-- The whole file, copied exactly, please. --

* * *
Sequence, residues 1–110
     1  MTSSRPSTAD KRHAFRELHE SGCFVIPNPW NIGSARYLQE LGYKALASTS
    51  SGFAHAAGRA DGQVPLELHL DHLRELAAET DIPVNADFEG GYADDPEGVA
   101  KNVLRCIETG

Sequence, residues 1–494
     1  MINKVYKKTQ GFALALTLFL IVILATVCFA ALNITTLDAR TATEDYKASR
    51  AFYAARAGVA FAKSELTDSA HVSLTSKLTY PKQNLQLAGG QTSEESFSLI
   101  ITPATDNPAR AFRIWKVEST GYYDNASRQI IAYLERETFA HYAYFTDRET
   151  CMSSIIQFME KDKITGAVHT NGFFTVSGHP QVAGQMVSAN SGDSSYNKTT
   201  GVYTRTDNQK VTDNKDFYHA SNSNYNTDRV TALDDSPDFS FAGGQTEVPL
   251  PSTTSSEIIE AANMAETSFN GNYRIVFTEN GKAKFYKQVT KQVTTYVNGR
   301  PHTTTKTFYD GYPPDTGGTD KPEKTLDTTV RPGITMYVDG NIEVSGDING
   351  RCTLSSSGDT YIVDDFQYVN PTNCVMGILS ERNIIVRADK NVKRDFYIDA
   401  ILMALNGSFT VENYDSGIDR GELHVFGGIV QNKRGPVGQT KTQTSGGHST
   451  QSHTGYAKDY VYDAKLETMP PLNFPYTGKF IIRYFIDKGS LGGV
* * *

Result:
Sequence, residues 1–110
     1  MTSSRPSTAD KRHAFRELHE SGCFVIPNPW NIGSARYLQE LGYKALASTS
    51  SGFAHAAGRA DGQVPLELHL DHLRELAAET DIPVNADFEG GYADDPEGVA
   101  KNVLRCIETG

Sequence, residues 1–494
     1  MINKVYKKTQ GFALALTLFL IVILATVCFA ALNITTLDAR TATEDYKASR
    51  AFYAARAGVA FAKSELTDSA HVSLTSKLTY PKQNLQLAGG QTSEESFSLI
   101  ITPATDNPAR AFRIWKVEST GYYDNASRQI IAYLERETFA HYAYFTDRET
   151  CMSSIIQFME KDKITGAVHT NGFFTVSGHP QVAGQMVSAN SGDSSYNKTT
   201  GVYTRTDNQK VTDNKDFYHA SNSNYNTDRV TALDDSPDFS FAGGQTEVPL
   251  PSTTSSEIIE AANMAETSFN GNYRIVFTEN GKAKFYKQVT KQVTTYVNGR
   301  PHTTTKTFYD GYPPDTGGTD KPEKTLDTTV RPGITMYVDG NIEVSGDING
   351  RCTLSSSGDT YIVDDFQYVN PTNCVMGILS ERNIIVRADK NVKRDFYIDA
   401  ILMALNGSFT VENYDSGIDR GELHVFGGIV QNKRGPVGQT KTQTSGGHST
   451  QSHTGYAKDY VYDAKLETMP PLNFPYTGKF IIRYFIDKGS LGGV